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Manolis Valsamidis

The character of dramatization in the Boules of Naoussa.

Valsamidis, Manolis: "The character of the dramatization in the Boules of Naoussa", 16th International Congress on Dance Research, Corfu, Greece, 30/10-3/11, 2002.

Every carnival in Naoussa, except from an interval of few years during the German occupation, a mask-wearing dramatization, preserved from the old days, is being performed with religious devoutness. The dramatization has the character of the custom and particularly the last years is being developed and is being served by four local organizations. These organizations have different names but a common goal to preserve the custom. We are following the dramatization during the past century, which is closely connected to the period of carnival. Compared to that period, there have no big changes occurred, apart from the fact that many young people who belong to an organization, go to Thessaloniki to give performances. This act is repeated increasingly the last few years with a tendency to visit cities not only in the domestic boundaries but also abroad.

It is about an impressing dramatization, which elements are the performers' costumes, the music and the dances, the control of the procession with the characteristic rhythm and its obvious aims, which are related to the period of spring, when the performance takes place. The performance is part of the category of purifying ceremonies of the city; it is a circle ceremony, a shield, a surrounding of the Community in order to prevent the evil. And of course it is closely connected to the ancient years.

Nowadays it is probably difficult to understand those aims. There are other ceremonies of Christian content such as litanies, the procession of the Epitaph that have surpassed the religious-mystic character of the performance. Nevertheless, I can assure you that even in our days it is a very important fact to the town, like a talisman. It is not irrelevant the fact that we are touched every time the performance takes place and when a detail is not as it should be, we say a sacrilege has been committed. Do not ask the mystic about his feelings. He absolutely feels excitement, pride, dynamism and optimism even if, deep inside, the emotional basis remains indefinable, vague and inexplicable.

When I talked to old people about the custom, I found its origins in the period of the Turkish Occupation. In their minds the Turkish Occupation seemed to be even older timely than the ancient years. This connection was related to the role of the dramatisation (performance) during the above period. At this point it would be useful to go on to a historic retrospection.

The first people lived in Naoussa in the beginning of the 15th century, as we had the pleasure to ascertain with the Prof. Mr Lagopoulos, the town planning professor of the AristotleUniversity in Thessaloniki. It is certain that until the devastation of the city of Naoussa, in 1822, and about 400 years, the city was a free city, capital of the hence the Axios river Macedonia area, according to Poukevil. In case that the custom existed during that period when the Community of the first city of Naoussa was free, the atmosphere of freedom existed. The pride of people was underlined in a city, which represented freedom and underlies the inhabitants’ pride for freedom in an islet freedom town during hard times.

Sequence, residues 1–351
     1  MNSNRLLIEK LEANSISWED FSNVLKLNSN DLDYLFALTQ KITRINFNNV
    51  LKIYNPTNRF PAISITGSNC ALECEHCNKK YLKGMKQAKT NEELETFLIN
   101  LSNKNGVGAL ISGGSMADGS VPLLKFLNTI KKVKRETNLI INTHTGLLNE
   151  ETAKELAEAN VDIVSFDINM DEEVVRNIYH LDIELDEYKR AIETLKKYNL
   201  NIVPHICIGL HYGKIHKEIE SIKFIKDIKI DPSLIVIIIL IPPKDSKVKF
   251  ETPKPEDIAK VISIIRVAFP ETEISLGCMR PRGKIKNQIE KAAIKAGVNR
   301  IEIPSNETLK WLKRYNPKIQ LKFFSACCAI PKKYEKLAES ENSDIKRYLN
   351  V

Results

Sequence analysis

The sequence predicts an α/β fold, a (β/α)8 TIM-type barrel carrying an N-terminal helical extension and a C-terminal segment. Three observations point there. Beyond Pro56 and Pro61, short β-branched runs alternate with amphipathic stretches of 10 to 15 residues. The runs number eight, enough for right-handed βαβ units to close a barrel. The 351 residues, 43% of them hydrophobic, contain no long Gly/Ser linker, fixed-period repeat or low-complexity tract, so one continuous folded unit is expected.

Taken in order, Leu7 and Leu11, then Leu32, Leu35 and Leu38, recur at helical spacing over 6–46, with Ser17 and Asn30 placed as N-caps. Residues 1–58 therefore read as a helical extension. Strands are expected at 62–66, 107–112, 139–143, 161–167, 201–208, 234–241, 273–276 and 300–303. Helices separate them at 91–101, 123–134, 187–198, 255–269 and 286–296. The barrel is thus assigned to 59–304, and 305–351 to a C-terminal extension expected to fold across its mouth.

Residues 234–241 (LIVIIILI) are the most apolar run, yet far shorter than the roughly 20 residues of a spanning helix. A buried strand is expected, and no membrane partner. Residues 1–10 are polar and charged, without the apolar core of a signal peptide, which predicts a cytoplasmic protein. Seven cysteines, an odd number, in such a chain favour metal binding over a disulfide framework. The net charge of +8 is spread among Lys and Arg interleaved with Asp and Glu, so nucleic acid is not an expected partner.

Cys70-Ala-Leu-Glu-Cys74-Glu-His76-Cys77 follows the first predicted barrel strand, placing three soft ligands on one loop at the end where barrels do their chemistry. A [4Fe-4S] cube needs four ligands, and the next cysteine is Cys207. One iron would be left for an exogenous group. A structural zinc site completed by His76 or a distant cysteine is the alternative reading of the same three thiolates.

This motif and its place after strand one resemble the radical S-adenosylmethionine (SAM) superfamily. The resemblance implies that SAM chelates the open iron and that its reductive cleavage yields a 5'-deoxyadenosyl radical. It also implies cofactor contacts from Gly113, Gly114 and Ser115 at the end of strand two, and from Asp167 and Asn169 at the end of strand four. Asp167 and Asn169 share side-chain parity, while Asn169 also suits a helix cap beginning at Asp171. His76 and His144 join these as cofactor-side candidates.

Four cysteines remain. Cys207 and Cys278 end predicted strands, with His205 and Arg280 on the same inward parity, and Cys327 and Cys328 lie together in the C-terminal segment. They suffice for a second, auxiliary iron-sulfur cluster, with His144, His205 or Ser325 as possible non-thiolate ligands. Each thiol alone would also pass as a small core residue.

After the period of 1822 until the time of liberation in 1912, and the population exchanges, for about 100 years, a whole Century in Naoussa co-exist two communities: The Greek and the Turkish. The dramatisation (performance) is not related to the Turkish community. The surrounding of the dramatisation of the Greek communities for which a lot have been written leaves Naoussa with the itinerary that Boules follow, leaving out the Turkish neighbourhoods. And it is not only that. The performance is being transformed to a revolutionary performance against the Turkish oppressor dramatization. There is evidence that during the procession people who were wanted by the Turkish authorities entered in the dramatisation. The most important part was the content of the songs and the whole brightness of the performance. Under the music parts, a rousing song e.g. by Rigas was sung: "Until when fearless men we will live in narrow (roads)", and Roido", "Mother I do not want a Turk for my husband". We do not have any knowledge about the songs that were sung before the revolution. The songs have changed but not their rhythm. We know their rhythm, which is ancient Greek. The anapaests are played with the beat of the tabor. The same as the simple or the mixed rhythms. In a particular anapaest there is observed a sudden impulse of the dancers who come together and knock their swords.

I named the swords as "ceremonial spears". They are. The young men who take part in the dramatisation must be unmarried. The swords were not unknown to the religious ceremonies of ancient years and particularly replaced the "thyrsus" during the Dionysian worship. Among the jobs, which were related to the devotion of God Dionysus and they constitute a good source of livelihood, was the job of the ceremony-sword decorator. I do not know whether there are folk musicians among us. However, I can say the occupation the served the Dionysian procession, was well paid. The organ player (musician) was coming first. The only difference was that the instrument was a trumpet not a kind of clarinet (zournas) like it is nowadays.

In a report for the Dionysiac devotion I read the phrase "Dionysus plus Aglaia", and couldn't understand what it was about. After an extensive study related to the Dionysiac devotion, I realised that Aglaia was the best trumpeter of those years. Portly and drinker like some of our people in previous years.

There is other evidence too, which make us believe that there is a close relationship to the ancient years, particularly to the Dionysiac facts. One of them is the ''Brousliani''. This happened in a donation room in 1954 and is guarded by Mr Michael Tomtsis. Two friends donated to the late Chatzitryfon Tryfona a necklace of a Boula and a ''Brousliani''. ''Brousliani'' from the plant's property to be tacked in the trees, is the ivy. It is amazing the fact that the coins that decorate it have the shape of the ivy, which is cultivated in our area. Another element that connects the performance with ancient times is the sword, what we nowadays call sabre. Arhilohos states, "Brandishing the thyrsus he worships Dionysos".